You can read the study, very descriptively titled "Complex Intersections of Race and Class: Among Social Liberals, Learning About White Privilege Reduces Sympathy, Increases Blame, and Decreases External Attributions for White People Struggling With Poverty," here.

The research was carried out by the psychologists Erin Cooley and William Cipolli III of Colgate University, as well as Ryan F. Lei from New York University, and Jazmin L. Brown-Iannuzzi of the University of Kentucky.

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This article was originally published on our sister site, Freethink.

China wants to build a mini-star on Earth and house it in a reactor. Many teams across the globe have this same bold goal --- which would create unlimited clean energy via nuclear fusion.

But according to Chinese state media, New Atlas reports, the team at the Experimental Advanced Superconducting Tokamak (EAST) has set a new world record: temperatures of 120 million degrees Celsius for 101 seconds.

Yeah, that's hot. So what? Nuclear fusion reactions require an insane amount of heat and pressure --- a temperature environment similar to the sun, which is approximately 150 million degrees C.

If scientists can essentially build a sun on Earth, they can create endless energy by mimicking how the sun does it.

If scientists can essentially build a sun on Earth, they can create endless energy by mimicking how the sun does it. In nuclear fusion, the extreme heat and pressure create a plasma. Then, within that plasma, two or more hydrogen nuclei crash together, merge into a heavier atom, and release a ton of energy in the process.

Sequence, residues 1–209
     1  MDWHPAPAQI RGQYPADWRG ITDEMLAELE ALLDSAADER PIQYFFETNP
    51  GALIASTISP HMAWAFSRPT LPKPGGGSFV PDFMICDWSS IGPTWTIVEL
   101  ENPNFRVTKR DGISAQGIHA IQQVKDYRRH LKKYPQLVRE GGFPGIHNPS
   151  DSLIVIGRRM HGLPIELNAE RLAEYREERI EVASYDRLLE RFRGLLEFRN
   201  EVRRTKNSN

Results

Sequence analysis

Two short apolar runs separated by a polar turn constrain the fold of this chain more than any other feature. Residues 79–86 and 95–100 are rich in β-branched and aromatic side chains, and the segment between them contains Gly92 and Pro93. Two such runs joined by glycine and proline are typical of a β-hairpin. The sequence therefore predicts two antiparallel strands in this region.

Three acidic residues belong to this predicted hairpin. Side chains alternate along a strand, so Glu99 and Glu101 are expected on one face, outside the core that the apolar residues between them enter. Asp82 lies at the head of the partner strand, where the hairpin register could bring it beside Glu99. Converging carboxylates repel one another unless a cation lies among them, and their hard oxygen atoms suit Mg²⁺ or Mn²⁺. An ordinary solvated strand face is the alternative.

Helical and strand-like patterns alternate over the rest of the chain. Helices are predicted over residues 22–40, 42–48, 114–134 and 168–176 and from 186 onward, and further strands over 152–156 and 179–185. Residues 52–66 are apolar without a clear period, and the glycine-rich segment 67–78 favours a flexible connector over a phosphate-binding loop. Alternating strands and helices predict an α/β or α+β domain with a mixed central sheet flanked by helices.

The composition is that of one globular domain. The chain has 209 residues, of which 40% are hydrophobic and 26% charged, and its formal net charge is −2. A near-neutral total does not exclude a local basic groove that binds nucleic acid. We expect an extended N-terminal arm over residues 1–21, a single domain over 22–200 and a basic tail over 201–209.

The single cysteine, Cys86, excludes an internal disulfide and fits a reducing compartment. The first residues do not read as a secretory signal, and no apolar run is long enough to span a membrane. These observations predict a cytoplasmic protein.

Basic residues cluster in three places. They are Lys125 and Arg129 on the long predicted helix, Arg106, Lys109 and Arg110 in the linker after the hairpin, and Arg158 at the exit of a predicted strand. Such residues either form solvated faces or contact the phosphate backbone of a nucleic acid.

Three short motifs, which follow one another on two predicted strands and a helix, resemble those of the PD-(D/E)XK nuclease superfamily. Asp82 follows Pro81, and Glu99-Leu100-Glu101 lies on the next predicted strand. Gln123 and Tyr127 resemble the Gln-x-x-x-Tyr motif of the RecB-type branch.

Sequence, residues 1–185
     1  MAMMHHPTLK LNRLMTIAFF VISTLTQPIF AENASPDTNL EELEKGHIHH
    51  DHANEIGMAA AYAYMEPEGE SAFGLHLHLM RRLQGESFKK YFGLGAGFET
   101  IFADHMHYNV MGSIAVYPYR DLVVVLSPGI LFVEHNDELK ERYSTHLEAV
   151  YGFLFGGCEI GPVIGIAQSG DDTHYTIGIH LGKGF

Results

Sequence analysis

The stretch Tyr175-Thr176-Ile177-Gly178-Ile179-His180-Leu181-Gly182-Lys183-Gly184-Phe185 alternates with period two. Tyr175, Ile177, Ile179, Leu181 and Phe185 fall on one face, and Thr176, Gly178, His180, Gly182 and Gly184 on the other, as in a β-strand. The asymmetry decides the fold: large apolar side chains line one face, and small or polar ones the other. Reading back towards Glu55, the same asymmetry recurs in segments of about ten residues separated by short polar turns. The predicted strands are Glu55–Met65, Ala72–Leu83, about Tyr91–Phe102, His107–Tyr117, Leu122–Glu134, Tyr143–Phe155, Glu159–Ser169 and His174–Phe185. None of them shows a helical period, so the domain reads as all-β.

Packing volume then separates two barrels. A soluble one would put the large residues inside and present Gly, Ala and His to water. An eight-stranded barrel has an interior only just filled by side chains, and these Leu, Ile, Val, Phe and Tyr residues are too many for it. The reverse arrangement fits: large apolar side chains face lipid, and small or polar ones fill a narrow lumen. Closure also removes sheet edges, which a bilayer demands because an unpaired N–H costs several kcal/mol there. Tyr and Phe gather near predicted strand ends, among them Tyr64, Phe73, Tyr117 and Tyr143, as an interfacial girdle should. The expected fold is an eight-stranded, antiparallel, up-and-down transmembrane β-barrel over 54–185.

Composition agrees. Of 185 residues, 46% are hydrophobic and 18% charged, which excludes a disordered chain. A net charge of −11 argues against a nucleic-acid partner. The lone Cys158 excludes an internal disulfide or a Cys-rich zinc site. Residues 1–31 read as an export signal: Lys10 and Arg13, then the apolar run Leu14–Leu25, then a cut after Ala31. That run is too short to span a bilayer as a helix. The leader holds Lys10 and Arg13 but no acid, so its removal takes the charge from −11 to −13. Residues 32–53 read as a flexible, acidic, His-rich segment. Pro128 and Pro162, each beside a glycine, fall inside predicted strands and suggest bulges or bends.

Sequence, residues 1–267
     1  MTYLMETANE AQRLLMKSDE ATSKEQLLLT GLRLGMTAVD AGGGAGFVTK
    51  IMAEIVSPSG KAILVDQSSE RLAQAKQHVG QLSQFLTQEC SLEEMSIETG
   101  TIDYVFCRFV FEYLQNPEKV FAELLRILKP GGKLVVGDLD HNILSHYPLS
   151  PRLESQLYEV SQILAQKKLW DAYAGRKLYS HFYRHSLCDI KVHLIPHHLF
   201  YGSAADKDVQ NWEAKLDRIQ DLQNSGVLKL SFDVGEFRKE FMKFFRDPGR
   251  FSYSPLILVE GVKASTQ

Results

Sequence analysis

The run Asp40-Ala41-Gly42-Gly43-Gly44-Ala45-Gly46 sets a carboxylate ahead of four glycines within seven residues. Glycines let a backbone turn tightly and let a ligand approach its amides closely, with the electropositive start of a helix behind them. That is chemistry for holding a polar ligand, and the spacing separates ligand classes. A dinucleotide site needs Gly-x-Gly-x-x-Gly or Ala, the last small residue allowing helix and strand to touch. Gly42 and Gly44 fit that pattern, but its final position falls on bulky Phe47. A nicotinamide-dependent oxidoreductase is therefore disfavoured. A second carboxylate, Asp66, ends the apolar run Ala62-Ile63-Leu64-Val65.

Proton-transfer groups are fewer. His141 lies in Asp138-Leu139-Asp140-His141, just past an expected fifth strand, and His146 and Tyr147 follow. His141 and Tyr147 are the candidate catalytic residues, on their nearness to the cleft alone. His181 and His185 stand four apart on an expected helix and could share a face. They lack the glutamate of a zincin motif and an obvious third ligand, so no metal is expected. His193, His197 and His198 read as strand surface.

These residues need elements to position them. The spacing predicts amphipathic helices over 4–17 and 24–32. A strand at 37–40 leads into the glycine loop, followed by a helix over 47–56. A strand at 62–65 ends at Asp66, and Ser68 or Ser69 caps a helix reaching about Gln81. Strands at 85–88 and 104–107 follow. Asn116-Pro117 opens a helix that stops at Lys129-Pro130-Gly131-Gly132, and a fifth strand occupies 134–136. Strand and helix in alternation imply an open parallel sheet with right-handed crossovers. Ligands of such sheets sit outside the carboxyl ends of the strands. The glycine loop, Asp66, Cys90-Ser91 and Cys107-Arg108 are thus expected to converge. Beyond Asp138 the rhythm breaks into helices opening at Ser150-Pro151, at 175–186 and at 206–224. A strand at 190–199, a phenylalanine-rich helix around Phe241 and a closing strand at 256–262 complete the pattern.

Nuclear fusion milestones: The team at EAST built a giant metal torus (similar in shape to a giant donut) with a series of magnetic coils. The coils hold hot plasma where the reactions occur. They've reached many milestones along the way.

According to New Atlas, in 2016, the scientists at EAST could heat hydrogen plasma to roughly 50 million degrees C for 102 seconds. Two years later, they reached 100 million degrees for 10 seconds.

The temperatures are impressive, but the short reaction times, and lack of pressure are another obstacle. Fusion is simple for the sun, because stars are massive and gravity provides even pressure all over the surface. The pressure squeezes hydrogen gas in the sun's core so immensely that several nuclei combine to form one atom, releasing energy.

But on Earth, we have to supply all of the pressure to keep the reaction going, and it has to be perfectly even. It's hard to do this for any length of time, and it uses a ton of energy. So the reactions usually fizzle out in minutes or seconds.

Still, the latest record of 120 million degrees and 101 seconds is one more step toward sustaining longer and hotter reactions.

Why does this matter? No one denies that humankind needs a clean, unlimited source of energy.

We all recognize that oil and gas are limited resources. But even wind and solar power --- renewable energies --- are fundamentally limited. They are dependent upon a breezy day or a cloudless sky, which we can't always count on.

Nuclear fusion is clean, safe, and environmentally sustainable --- its fuel is a nearly limitless resource since it is simply hydrogen (which can be easily made from water).

With each new milestone, we are creeping closer and closer to a breakthrough for unlimited, clean energy.